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HITRUST Analysis Deems Healthcare “Reactive” to Cybersecurity

March 6, 2015
by Gabriel Perna
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The Health Information Trust Alliance (HITRUST), a Frisco, Texas-based industry group working to establish a common security framework (CSF), analyzed how healthcare organizations tackle data security against cyber threats and risks, and found most were reactionary in their approach.

HITRUST’s three-month review of cyber risk management strategies for the healthcare industry revealed what many have already come to know: When it comes to data security from hackers, healthcare organizations are ill prepared. This is not exactly a startling finding, with a major hack of health insurer Anthem having just happened one month ago. Another report, from Redspin Inc., a Carpinteria, Calif.-based health IT security consultant, found that more than half of the breaches of protected health information reported to the Department of Health and Human Services (HHS) Office of Civil Rights (OCR) were the result of hacking, including the notable incident at Community Health System that affected 4.5 million patients.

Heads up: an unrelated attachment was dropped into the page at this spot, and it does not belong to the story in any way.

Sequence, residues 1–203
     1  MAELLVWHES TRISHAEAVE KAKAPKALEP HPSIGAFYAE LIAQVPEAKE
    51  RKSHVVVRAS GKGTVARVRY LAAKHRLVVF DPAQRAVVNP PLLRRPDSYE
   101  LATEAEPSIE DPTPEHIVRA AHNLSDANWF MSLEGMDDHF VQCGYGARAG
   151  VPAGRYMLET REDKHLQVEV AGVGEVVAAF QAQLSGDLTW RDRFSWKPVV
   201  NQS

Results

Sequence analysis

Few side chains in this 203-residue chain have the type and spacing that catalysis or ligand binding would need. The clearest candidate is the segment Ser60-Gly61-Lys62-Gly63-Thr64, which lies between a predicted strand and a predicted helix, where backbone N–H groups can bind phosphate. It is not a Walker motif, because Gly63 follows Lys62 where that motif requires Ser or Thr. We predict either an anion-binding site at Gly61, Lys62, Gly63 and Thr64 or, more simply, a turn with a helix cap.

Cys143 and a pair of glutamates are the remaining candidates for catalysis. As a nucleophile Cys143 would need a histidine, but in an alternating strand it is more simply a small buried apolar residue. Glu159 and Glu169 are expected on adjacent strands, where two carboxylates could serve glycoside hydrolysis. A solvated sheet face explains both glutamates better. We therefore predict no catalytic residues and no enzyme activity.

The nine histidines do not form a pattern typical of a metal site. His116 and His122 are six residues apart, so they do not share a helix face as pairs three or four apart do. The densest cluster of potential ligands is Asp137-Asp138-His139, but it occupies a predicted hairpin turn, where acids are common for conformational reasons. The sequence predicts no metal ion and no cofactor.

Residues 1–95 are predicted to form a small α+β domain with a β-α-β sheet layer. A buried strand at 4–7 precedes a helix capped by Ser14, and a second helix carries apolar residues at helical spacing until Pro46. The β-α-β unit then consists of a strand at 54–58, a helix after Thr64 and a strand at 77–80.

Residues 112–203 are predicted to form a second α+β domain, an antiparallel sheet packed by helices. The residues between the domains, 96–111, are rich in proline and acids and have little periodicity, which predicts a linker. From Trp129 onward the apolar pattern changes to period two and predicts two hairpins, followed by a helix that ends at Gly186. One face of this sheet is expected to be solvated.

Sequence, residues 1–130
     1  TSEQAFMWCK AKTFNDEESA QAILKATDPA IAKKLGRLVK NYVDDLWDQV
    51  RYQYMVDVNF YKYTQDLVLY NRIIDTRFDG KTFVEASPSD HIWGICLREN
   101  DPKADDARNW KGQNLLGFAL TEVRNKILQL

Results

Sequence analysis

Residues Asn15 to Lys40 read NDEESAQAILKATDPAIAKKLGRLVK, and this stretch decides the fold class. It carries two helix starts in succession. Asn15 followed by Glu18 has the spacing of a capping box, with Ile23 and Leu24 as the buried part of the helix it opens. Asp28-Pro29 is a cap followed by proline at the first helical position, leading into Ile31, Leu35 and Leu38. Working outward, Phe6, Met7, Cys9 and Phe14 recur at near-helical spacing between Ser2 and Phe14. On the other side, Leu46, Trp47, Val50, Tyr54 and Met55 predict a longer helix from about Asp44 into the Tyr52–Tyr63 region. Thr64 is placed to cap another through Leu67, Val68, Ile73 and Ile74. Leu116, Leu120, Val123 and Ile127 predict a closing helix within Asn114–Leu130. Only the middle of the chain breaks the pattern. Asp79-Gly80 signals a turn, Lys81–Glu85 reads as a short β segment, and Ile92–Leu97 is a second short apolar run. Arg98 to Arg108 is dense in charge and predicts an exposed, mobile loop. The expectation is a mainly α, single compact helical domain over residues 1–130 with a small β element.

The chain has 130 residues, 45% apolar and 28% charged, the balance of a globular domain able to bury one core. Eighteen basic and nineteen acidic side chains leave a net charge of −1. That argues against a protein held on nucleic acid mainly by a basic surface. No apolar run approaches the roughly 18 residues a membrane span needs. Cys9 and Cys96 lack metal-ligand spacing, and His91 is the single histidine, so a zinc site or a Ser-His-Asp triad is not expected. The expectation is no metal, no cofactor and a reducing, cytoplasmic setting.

One element of this lack of preparation is the fact that most organizations aren’t able to understand the effectiveness of deployed information security products, especially in relation to emerging cyber threats. They also acknowledged they had minimal understanding of the impact of emerging cyber threats on their products and applications.

“Although we have made good progress in maturing our cyber risk management approach for industry, with significant improvements in information sharing, the real opportunity is to understand the emerging threats and model them against organization-specific defenses, configurations and applications,” Daniel Nutkis, chief executive officer, HITRUST, said in a statement.

HITRUST is rolling out a new strategy, a situational awareness and threat assessment tool, which will aim to help healthcare organizations increase visibility against emerging threats and how that could affect their current products. The organization partnered with NSS Labs, an Austin, Texas-based security research and advisory company, on the tool.

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